In May, we were delighted to be featured on the BBC's programme "A Royal Team Talk" with HRH the Duke of Cambridge coming to the Abbey to gather with Gareth Southgate, Thierry Henry, Peter Crouch, Danny Rose and Jermaine Jenas.
Inspired by the programme, David undertook a Mental First Aid course and we're delighted to recognise him as Community Hero of the Day for this effort. David also bid for the Gareth Southgate signed shirt and won!
The money raised will go towards our 'Mind Your Head' 6-week mental health education course in secondary schools. Cambridge United Community Trust are launching Mental Health Football Sessions in partnership with Mind CPSL.
For more information on mental health first aid courses or the football sessions: please visit www.cuctrust.co.uk
Why did you want to do this Mental Health First Aid course?
We all have challenges in life. Unfortunately, some can find those challenges difficult to come to terms with and need support.
As a Mental Health First Aider, you learn about how others may perceive their issues. They're not wrong in their eyes, they just see things differently. But you can help, just by recognising the signs and asking how they are. A kindly and supportive word may all that is needed to help.
The Mental Health First Aid course helps you do that and appreciate that some people perceive their situation differently to the way others may.
Undertaking the Mental Health First Aid course provided me with the tools and understanding necessary to provide that support in my role co-ordinating Occupational Health monitoring.
The MHFA course helps you to understand about how someone with poor mental health (not mental illness) sees the world, their world. It helps you learn how to support those who come to you for help. It helps you learn to spot the signs, for they are not always obvious.
What's the most important thing you took away from the course?
By far the most important thing I took away from the course is the importance of removing the stigma associated with poor mental health.
The stigma is the biggest barrier to getting people the help and support they need. They feel that no-one will listen, they feel that no-one will understand, they feel that they will lose their job, their home, their family. They often feel they have nowhere to turn, and often turn to despair.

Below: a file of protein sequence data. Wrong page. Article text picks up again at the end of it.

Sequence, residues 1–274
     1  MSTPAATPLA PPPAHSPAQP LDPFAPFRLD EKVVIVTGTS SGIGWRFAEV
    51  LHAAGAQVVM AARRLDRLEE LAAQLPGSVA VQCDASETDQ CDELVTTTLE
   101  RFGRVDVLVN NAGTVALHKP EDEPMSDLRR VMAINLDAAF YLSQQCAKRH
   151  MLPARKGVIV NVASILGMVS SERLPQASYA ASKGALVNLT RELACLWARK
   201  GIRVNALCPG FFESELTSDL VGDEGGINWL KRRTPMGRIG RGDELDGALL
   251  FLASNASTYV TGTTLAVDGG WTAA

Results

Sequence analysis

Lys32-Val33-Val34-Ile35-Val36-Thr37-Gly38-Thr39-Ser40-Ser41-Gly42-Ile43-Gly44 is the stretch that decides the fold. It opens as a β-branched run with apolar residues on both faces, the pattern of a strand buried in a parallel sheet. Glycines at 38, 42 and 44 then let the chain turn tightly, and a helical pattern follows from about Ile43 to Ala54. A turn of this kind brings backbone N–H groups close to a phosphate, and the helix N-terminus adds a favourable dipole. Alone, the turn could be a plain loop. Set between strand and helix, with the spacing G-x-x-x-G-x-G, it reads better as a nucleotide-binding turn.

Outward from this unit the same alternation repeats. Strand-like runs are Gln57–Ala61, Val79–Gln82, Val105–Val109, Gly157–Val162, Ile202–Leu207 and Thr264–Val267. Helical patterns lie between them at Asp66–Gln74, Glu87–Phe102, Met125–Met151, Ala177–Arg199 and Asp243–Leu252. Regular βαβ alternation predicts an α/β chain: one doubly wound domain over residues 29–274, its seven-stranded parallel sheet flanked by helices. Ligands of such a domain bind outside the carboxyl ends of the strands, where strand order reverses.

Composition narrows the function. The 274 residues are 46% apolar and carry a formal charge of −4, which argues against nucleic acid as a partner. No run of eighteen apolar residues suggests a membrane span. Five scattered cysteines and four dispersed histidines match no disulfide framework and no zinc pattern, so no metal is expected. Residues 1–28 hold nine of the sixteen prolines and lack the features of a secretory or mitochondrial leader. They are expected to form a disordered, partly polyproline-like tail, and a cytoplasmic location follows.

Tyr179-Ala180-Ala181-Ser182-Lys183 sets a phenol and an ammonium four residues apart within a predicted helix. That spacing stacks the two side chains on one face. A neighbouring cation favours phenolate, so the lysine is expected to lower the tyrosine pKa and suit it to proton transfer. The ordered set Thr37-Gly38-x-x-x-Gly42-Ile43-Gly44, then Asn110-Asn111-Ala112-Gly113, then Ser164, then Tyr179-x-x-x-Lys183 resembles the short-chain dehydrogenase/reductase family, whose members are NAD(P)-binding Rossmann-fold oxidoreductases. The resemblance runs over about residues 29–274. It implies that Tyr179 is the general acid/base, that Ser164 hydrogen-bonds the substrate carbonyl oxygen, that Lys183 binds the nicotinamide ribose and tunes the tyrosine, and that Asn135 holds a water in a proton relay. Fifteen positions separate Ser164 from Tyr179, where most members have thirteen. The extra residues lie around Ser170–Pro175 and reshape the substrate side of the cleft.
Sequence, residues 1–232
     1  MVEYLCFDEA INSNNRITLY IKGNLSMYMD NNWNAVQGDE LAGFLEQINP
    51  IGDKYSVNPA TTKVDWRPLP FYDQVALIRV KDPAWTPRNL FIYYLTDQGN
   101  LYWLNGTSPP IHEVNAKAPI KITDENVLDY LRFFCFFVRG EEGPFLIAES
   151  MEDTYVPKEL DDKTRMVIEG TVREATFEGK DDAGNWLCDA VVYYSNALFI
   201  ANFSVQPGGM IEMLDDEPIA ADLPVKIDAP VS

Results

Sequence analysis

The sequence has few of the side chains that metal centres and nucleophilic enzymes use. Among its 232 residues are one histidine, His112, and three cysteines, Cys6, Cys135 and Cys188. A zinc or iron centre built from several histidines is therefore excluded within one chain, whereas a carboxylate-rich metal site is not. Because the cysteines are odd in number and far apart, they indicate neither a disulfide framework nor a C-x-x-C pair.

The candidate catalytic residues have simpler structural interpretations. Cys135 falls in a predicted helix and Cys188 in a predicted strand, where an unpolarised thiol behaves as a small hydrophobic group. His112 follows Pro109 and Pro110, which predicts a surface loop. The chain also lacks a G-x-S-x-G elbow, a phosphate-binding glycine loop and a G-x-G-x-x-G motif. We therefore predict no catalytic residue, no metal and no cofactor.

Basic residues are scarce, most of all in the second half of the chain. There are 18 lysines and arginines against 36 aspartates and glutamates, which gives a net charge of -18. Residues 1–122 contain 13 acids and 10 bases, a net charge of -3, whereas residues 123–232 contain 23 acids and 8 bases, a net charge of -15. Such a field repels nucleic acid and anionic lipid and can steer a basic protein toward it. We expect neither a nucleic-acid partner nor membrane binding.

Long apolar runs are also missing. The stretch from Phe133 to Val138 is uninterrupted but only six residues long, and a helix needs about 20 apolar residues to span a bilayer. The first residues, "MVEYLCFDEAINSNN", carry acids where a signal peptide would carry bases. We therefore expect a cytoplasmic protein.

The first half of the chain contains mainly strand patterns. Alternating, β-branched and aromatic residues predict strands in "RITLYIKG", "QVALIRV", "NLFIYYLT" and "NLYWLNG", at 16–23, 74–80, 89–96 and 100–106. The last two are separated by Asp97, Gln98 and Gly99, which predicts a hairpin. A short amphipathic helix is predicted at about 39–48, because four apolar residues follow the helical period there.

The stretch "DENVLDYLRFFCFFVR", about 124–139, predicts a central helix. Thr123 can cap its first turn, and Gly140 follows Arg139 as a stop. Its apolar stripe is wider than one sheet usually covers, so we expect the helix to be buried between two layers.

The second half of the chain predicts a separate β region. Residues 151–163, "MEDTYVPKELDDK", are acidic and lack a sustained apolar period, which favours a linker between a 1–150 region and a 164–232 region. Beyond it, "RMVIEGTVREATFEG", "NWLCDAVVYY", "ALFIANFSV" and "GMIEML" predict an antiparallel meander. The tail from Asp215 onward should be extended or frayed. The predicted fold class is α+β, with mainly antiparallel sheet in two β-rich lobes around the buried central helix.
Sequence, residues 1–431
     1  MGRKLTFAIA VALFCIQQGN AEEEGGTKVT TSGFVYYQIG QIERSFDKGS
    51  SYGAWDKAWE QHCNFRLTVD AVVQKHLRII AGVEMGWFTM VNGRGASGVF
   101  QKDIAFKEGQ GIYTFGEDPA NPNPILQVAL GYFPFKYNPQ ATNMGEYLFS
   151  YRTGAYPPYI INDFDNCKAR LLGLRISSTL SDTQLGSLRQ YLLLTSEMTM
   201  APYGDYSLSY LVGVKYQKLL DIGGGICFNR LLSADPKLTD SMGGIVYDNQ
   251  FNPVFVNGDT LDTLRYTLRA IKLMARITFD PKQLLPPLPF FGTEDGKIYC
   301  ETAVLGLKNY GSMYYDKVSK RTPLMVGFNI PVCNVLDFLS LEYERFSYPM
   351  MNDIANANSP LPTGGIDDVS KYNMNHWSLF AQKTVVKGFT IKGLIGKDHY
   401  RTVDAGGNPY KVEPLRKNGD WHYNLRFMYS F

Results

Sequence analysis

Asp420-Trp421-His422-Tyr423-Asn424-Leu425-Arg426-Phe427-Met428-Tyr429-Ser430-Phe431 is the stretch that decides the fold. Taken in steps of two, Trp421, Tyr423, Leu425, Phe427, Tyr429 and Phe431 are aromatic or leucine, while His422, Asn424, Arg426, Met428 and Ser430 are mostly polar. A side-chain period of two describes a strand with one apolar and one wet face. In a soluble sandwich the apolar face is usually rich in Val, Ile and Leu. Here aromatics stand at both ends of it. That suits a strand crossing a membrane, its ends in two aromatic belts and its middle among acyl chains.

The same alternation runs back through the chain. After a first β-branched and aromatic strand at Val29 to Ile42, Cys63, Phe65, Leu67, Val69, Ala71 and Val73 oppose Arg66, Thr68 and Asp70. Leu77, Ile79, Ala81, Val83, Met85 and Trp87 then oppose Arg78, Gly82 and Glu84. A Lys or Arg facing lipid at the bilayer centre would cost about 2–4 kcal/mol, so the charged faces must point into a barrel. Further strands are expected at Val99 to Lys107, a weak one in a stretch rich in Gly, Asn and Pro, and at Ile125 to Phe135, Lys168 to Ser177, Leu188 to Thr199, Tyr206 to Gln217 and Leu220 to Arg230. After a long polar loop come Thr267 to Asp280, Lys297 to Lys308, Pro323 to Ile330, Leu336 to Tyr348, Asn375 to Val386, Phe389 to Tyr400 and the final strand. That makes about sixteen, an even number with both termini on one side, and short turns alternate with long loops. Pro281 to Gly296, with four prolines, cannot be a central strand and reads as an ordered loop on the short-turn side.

But in supporting those with poor mental health, you could literally save their life
What role do you think football and football clubs can play in improving people's mental health?
Football, especially in the lower leagues is not about high levels of success and achievement, it is about community. It is a place where you can escape all the difficulties and challenges that face us from day to day. You can be with friends; and "friends" in this respect can be those whose names you don't even know; just familiar faces, enjoying the banter, and the sharing of the highs and lows that come with every game.
For those with poor mental health, that togetherness can bring with it a reassurance and comfort that you may not find elsewhere. For a few hours you don't have to be the parent, the worker, to boss, the partner, the carer. For a few hours you can be you. Whether it’s where you can laugh with others or share the disappointment of going 3 nil down at home, you're doing it together. Together with friends. Football can be that escape, that refuge for many.
Would you encourage others' to do a mental health first aid course?
Absolutely. Becoming a Mental Health First Aider is not becoming a counsellor. You don't need special skills or a raft of qualifications. You are not there to solve people's issues or worries.
Mental Health First Aid is about listening and supporting, letting people know that it is okay to share their feelings. Talking, listening, understanding, supporting: these are the four tools in the Mental Health First Aiders toolbox.
But remember, you don't have to do the course to provide support or a listening ear. Sometimes being there for someone is all that is needed to make a difference to that person.